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Massachusetts District Court Standing Order 1-88: Civil Caseflow Management

(Applicable to all divisions)
(Superseded by Joint Standing Order 1-04 for Cases Filed On or After August 31, 2004)


I. Authority.

This Order is promulgated by the Chief Justice of the District Court pursuant to his statutory responsibility over caseflow management, G.L. c. 211B, s. 10, and uniform practices, G.L. c. 218, s. 43A.

II. Purpose.

The purpose of this Order is to establish procedures and principles to meet the requirements of the time standards for civil cases adopted by the Supreme Judicial Court on April 7, 1986. Said standards provide that civil cases filed on or after July 1, 1988, (other than family law cases) be disposed within 24 months of filing.

III. General.

A. Background. Recent research on Superior Court civil filings confirms and underscores what is already known intuitively by those familiar with civil case management generally, namely, that most civil cases are resolved without trial. See Dispute Resolution in Massachusetts, Governor's Alternative Dispute Resolution Working Group, November 1986, wherein it is observed that, of 1,122 randomly selected civil cases disposed, 97% were disposed by some means short of trial and 50% were disposed within 15 months. The same report points out that "complex cases were the exception rather than the rule," "few cases involved significant discovery activity, notices of deposition, motions requiring court action, or pretrial conferences," and "most cases contained no discovery of any kind." Although these observations pertain to Superior Court cases, experience suggests that the same or similar conclusions would be reached in the District Court.

B. Objective. Based on the above findings, the objective of an effective caseflow management system should be to dispose as promptly as possible of the vast majority of cases that are not destined for trial, and concentrate the court's resources on the processing and trial of the rest.

C. "Local Legal Culture". It is well established that the pace of litigation is largely the product of the "local legal culture", the established expectations, practices and informal rules of behavior shared by judges and attorneys. Managing to Reduce Delay, National Center for State Courts, 1980. Courts can impact the problem of delay only to the extent that the local legal culture is changed. This Order strives to change this culture for the better where necessary.

D. Responsibility for Caseflow Management. The responsibility for effective caseflow management is shared by the bar and the court. This Order provides for the completion of case preparation by counsel within one year, and meaningful control of the case by the court thereafter.

E. Case Priorities. While addressing the importance of effective civil caseflow management as a means of meeting the civil time standards, this Order acknowledges the necessary priority that the hearing of cases involving the public safety, persons at risk, family disruption and other important public interests must take over general civil matters.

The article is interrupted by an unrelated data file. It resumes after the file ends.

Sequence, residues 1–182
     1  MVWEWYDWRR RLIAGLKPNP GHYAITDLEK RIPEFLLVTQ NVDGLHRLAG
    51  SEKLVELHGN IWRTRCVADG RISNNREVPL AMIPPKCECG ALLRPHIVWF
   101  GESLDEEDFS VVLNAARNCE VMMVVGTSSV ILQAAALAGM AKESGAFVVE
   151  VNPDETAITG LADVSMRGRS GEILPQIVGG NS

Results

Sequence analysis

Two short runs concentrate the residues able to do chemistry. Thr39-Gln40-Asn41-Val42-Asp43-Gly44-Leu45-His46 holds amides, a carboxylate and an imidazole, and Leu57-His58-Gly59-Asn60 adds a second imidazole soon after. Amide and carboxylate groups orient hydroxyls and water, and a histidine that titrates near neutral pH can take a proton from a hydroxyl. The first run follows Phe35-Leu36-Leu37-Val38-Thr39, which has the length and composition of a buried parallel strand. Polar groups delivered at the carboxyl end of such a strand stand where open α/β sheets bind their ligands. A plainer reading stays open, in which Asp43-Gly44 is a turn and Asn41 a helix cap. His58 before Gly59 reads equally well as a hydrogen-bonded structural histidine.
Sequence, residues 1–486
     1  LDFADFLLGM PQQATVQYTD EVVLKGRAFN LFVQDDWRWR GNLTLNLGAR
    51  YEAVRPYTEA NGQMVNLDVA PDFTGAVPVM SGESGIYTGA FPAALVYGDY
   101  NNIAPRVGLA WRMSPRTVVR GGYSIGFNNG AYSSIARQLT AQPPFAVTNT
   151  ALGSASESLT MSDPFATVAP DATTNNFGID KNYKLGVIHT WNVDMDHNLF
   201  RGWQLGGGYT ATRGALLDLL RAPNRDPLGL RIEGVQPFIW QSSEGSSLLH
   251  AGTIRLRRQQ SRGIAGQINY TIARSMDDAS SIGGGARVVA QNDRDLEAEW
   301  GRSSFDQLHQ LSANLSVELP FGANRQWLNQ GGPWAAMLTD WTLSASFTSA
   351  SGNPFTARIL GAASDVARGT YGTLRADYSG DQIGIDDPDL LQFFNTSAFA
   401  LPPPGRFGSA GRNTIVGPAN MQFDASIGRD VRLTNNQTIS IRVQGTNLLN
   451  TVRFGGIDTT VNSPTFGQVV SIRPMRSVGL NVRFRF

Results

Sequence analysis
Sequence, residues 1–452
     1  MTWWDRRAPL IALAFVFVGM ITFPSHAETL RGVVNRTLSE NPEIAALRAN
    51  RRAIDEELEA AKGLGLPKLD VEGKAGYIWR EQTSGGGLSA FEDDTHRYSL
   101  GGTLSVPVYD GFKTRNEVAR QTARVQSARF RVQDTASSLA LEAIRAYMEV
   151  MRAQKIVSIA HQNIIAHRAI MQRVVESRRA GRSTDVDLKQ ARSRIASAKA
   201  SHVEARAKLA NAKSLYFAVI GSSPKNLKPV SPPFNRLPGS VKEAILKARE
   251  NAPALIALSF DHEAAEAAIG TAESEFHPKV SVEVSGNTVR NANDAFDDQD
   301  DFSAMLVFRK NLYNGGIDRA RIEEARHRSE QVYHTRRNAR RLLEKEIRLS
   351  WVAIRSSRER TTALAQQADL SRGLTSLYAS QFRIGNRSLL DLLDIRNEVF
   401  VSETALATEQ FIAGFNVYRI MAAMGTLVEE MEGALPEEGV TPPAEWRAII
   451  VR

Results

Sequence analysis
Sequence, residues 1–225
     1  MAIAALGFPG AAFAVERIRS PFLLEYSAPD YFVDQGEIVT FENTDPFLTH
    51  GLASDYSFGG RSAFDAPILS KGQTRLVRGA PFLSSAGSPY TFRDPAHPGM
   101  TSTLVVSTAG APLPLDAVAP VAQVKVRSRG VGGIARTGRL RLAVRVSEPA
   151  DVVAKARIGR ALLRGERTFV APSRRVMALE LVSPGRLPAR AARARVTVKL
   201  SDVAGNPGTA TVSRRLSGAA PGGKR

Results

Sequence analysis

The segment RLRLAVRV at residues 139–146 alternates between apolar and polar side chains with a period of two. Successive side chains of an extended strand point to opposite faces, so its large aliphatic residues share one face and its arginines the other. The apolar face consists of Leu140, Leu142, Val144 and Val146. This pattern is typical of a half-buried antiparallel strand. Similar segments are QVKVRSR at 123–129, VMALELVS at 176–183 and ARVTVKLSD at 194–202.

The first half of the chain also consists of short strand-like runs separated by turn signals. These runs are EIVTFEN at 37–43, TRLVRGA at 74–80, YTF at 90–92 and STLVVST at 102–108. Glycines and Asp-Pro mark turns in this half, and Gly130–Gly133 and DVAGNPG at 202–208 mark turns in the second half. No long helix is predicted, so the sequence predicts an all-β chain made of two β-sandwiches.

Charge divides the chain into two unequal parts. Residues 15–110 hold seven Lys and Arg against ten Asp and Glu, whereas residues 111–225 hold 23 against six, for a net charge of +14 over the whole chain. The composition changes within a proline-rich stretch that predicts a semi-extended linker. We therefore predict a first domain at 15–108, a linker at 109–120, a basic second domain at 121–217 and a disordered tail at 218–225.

F. Resources. There is a well recognized deficiency in the availability of judicial resources and support staff in the District Court. Most entries have increased dramatically over the ten years from 1976 to 1986, as the following figures indicate.

As well, during this period there have been approximately 13 major increases in District Court jurisdiction, and over 20 major changes in various aspects of District Court procedure that have affected the complexity and pace of proceedings.

However, the number of District Court judges necessary to efficiently handle the business of the court has not kept up with the increased caseloads. While the number of judges in other departments of the Trial Court has increased (Juvenile Court, 42%; Probate Court, 37%; Superior Court, 33%; Housing Court, 33%; Boston Municipal Court, 22%), the number of District Court judges has decreased by 6%, from 163 to 153. The number of support personnel has likewise not kept pace with the increase in business.

The result of these deficiencies is that, for any policy of improved civil caseflow management to be accommodated by a very busy District Court system, it must be as self-executing as possible.

IV. Required Procedures. It is hereby ORDERED as follows:

A. Applicability. The following procedures shall apply to both regular civil tort and contract actions originally filed in the District Court pursuant to G.L. c. 218, s. 19, and civil cases transferred to the District Court pursuant to G.L. c. 231, s. 102C. All said cases shall hereinafter be referred to as "civil cases."

B. Procedures Applicable to Civil Cases Filed Prior to July 1, 1988.

1. Docket Review. No later than December 31, 1988, each District Court shall have completed a review of the civil docket of the court. Said review shall consist of placing all pending civil cases filed on or after January 1, 1985, and before July 1, 1988, on a civil docket review list and calling said list on one or more days. Notice of said scheduled call of the list shall be provided to counsel of record. For purposes of this Standing Order, the filing date of a case transferred to the District Court pursuant to G.L. c. 231, s. 102C shall be the date it was received in the District Court.

Counsel shall be required to attend said calls of the list in all cases not theretofore disposed with finality. Cases not disposed with finality as a result of said calls of the list shall be promptly scheduled for trial by the court, in the order filed, the scheduled trial dates to be no later than June 30, 1989.

2. Semi-Annual Use of Rule 41(b)(1). Each court shall employ the procedures set forth in Rule 41(b)(1) of the Dist./Mun. Cts. R. Civ. P. during January and July of 1989 and January and July of each succeeding year, as necessary, so as to dismiss or schedule for trial all pending civil actions filed prior to January 1, 1985. Said Rule 41 procedures shall be applied to as many such cases each January and July as is feasible. Said application of Rule 41(b)(1) procedures shall continue until all civil actions filed prior to January 1, 1985 have been disposed.